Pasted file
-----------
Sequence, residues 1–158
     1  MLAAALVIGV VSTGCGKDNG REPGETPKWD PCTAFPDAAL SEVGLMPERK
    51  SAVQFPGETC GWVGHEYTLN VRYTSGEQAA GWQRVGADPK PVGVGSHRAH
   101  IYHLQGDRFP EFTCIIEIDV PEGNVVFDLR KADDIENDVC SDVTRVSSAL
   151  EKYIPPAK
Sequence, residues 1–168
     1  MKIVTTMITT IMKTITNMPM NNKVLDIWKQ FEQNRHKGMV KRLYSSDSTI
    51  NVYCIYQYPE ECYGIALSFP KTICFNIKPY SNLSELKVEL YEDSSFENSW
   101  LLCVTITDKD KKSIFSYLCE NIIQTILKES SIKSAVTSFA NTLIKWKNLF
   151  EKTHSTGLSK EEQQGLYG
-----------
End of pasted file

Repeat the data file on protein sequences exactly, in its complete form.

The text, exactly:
Sequence, residues 1–158
     1  MLAAALVIGV VSTGCGKDNG REPGETPKWD PCTAFPDAAL SEVGLMPERK
    51  SAVQFPGETC GWVGHEYTLN VRYTSGEQAA GWQRVGADPK PVGVGSHRAH
   101  IYHLQGDRFP EFTCIIEIDV PEGNVVFDLR KADDIENDVC SDVTRVSSAL
   151  EKYIPPAK
Sequence, residues 1–168
     1  MKIVTTMITT IMKTITNMPM NNKVLDIWKQ FEQNRHKGMV KRLYSSDSTI
    51  NVYCIYQYPE ECYGIALSFP KTICFNIKPY SNLSELKVEL YEDSSFENSW
   101  LLCVTITDKD KKSIFSYLCE NIIQTILKES SIKSAVTSFA NTLIKWKNLF
   151  EKTHSTGLSK EEQQGLYG